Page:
Emergency Action Plan
January 20th, 2020
VINELAND, N.J. (AP) — A Philadelphia man was killed in an industrial accident in a New Jersey processing facility, authorities said.
Emergency responders were called to the Safeway Freezer Storage plant in Vineland shortly after 12:30 a..m. Saturday, police said.
Lt. Brian Armstrong said 28-year-old Felipe Rodriguez-Tzon was pronounced dead at the scene in a refrigerated area of the facility. The worker had already been removed from machinery by the time emergency crews arrived, Lt. Michael Feaster said.
NEED TO KNOW
An Emergency Action Plan (EAP) is a written document required by particular OSHA standards. The purpose of an EAP is to facilitate and organize employer and employee actions during workplace emergencies. Well-developed emergency plans and proper employee training (such that employees understand their roles and responsibilities within the plan) will result in fewer and less severe employee injuries and less structural damage to the facility during emergencies. A poorly prepared plan, likely will lead to a disorganized evacuation or emergency response, resulting in confusion, injury, and property damage.
Putting together a comprehensive emergency action plan that deals with those issues specific to your worksite is not difficult. It involves taking what was learned from your workplace evaluation and describing how employees will respond to different types of emergencies, taking into account your specific worksite layout, structural features, and emergency systems.
Drafting an emergency action plan (EAP) is not enough to ensure the safety of your employees. When an evacuation is necessary, you will need responsible, trained individuals who can supervise and coordinate activities to ensure a safe and successful evacuation.
A disorganized evacuation can result in confusion, injury, and property damage.
A fire is the most common type of emergency for which small businesses must plan. Evacuation plans that designate or require some or all of the employees to fight fires with portable fire extinguishers increase the level of complexity of the plan and the level of training that must be provided employees.
Chemical, biological, or radiological contaminants may be released into the environment in such quantity and/or proximity to a place of business that it is safer to remain indoors rather than to evacuate employees.
Although most of us quickly move away from the hazardous environments created during emergency situations, a group of dedicated and well-trained professional emergency responders and medical service personnel are tasked with containing and mitigating these incidents, rescuing individuals at-risk, and providing medical assistance to the injured.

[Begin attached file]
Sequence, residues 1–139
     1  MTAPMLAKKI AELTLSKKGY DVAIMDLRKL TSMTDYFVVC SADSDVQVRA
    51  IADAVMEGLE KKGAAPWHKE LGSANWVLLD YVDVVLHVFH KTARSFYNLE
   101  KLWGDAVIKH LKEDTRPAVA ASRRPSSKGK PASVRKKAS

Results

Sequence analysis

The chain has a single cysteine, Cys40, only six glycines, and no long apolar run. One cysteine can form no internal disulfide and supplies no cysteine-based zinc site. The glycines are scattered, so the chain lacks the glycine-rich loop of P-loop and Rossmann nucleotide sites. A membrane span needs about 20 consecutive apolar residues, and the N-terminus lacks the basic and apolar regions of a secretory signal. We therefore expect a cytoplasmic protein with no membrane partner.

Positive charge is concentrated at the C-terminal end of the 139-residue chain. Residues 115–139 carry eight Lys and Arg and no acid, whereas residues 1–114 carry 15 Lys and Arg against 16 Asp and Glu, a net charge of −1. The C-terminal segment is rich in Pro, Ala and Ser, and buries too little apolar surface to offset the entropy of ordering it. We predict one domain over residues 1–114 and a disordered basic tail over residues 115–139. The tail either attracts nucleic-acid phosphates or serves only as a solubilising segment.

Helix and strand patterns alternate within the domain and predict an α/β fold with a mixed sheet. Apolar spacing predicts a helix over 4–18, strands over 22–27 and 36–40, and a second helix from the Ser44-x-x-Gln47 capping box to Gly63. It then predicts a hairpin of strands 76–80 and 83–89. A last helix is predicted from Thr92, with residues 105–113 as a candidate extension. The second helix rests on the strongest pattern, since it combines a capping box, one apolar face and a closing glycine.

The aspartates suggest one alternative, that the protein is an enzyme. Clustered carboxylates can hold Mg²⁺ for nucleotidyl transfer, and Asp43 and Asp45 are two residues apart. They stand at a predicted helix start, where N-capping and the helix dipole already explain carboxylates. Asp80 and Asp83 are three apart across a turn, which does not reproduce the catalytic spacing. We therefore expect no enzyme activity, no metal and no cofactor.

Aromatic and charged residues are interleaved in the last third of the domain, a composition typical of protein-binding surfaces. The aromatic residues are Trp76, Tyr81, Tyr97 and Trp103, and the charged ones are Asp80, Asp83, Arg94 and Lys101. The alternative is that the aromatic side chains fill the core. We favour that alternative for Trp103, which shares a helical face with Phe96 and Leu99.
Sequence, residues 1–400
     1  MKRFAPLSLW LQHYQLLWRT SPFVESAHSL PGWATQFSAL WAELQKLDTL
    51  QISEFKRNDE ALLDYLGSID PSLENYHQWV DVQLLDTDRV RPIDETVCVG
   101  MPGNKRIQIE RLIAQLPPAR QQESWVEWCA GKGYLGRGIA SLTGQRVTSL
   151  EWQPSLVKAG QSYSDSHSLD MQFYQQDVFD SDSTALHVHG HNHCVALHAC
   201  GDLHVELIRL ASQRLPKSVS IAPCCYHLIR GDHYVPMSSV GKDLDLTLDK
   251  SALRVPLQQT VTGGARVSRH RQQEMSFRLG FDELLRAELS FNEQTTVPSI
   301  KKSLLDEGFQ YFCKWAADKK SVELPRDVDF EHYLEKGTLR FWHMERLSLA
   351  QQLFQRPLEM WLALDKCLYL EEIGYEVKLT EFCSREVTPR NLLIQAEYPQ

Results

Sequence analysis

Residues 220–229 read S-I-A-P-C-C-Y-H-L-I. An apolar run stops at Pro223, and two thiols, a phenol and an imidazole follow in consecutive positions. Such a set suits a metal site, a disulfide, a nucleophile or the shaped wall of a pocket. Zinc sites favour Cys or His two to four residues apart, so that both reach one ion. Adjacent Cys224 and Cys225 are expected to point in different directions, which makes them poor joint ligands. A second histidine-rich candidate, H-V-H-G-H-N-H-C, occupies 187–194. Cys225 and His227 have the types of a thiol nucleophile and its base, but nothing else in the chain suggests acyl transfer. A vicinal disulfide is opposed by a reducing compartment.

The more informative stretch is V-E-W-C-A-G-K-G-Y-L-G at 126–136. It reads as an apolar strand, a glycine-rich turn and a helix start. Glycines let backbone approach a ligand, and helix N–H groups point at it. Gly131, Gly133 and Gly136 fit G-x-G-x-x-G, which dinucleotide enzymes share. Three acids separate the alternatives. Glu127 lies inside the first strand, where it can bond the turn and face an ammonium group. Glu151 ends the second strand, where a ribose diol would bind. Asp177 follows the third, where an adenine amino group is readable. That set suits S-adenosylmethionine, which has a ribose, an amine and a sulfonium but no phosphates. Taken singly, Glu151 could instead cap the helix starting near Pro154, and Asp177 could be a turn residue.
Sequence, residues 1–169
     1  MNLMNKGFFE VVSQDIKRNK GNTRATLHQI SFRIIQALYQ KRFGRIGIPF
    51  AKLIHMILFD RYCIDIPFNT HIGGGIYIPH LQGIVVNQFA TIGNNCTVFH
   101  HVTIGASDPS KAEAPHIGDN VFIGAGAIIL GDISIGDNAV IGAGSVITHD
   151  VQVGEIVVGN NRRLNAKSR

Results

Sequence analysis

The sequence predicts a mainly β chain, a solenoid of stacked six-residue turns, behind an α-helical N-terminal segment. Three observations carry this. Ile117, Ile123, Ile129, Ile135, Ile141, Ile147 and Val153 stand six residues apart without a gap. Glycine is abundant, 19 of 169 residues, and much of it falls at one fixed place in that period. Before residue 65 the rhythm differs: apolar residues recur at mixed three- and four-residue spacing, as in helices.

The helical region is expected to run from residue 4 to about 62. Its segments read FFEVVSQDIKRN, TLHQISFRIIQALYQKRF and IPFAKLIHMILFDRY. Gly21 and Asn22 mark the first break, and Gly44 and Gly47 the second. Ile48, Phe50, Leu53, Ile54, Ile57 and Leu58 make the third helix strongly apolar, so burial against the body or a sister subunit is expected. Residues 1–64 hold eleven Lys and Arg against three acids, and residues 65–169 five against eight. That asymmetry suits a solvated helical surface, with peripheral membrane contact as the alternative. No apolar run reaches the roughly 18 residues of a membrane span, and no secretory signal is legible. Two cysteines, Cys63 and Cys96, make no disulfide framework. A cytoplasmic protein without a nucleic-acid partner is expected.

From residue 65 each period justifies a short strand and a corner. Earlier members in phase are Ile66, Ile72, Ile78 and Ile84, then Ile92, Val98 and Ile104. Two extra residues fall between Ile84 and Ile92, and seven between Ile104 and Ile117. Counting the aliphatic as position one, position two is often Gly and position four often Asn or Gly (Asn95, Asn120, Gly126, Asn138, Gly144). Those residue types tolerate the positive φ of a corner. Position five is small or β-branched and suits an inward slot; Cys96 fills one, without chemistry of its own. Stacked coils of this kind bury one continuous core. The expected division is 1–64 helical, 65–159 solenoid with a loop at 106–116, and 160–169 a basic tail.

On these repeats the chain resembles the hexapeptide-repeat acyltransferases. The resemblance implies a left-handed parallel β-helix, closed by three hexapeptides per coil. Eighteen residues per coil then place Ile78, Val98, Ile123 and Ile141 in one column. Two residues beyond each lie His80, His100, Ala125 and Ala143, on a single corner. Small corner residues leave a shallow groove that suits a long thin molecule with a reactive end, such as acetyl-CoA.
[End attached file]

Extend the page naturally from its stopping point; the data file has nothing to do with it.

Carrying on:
Employees must know how to report emergencies. Some use internal telephone numbers, intercom, or public address systems to notify other employees. It is important for employees to also notify the proper authorities such as fire, medical, or rescue services, if your company relies on this type of assistance during an emergency.
Where required by some Occupational Safety and Health Administration standards, firms with more than 10 employees must have a written emergency action plan; smaller companies may communicate their plans orally. Top management support and the commitment and involvement of all employees are essential to an effective emergency action plan.
Employers should review plans with employees when initially put in place and re-evaluate and amend the plan periodically whenever the plan itself, or employee responsibilities, change. Emergency procedures, including the handling of any toxic chemicals, should include:
- Escape procedures and escape route assignments.
- Special procedures for employees who perform or shut down critical plant operations.
- Systems to account for all employees after evacuation and for information about the plan.
- Rescue and medical duties for employees who perform them.
- Means for reporting fires and other emergencies.
Chain of Command
The employer should designate an emergency response coordinator and a backup coordinator. The coordinator may be responsible for plantwide operations, public information and ensuring that outside aid is called. Having a backup coordinator ensures that a trained person is always available. Employees should know who the designated coordinator is. Duties of the coordinator and employer include:
- Determining what emergencies may occur and seeing that emergency procedures are developed to address each situation.
- Directing all emergency activities including evacuation of personnel.
- Ensuring that outside emergency services are notified when necessary.
- Directing the shutdown of plant operations when necessary.
Emergency Response Teams
Emergency response team members should be thoroughly trained for potential crises and physically capable of carrying out their duties. Team members need to know about toxic hazards in the workplace and be able to judge when to evacuate personnel or when to rely on outside help (e.g., when a fire is too large to handle). One or more teams must be trained in:
- Use of various types of fire extinguishers.
- First aid, including cardiopulmonary resuscitation (CPR) and self-contained breathing apparatus (SCBA).
- Requirements of the OSHA bloodborne pathogens standard.
- Shutdown procedures.
- Chemical spill control procedures.
- Search and emergency rescue procedures.
- Hazardous materials emergency response.
Effective emergency communication is vital. An alternate area for a communications center other than management offices should be established in the plans, and the emergency response coordinator should operate from this center. Management should provide emergency alarms and ensure that employees know how to report emergencies. An updated list of key personnel and off-duty telephone numbers should be maintained.
Accounting for personnel following evacuation is critical. A person in the control center should notify police or emergency response team members of persons believed missing.
Effective security procedures can prevent unauthorized access and protect vital records and equipment. Duplicate records of essential accounting files, legal documents and lists of employee relatives – to be notified in case of emergency – can be kept at off-site locations.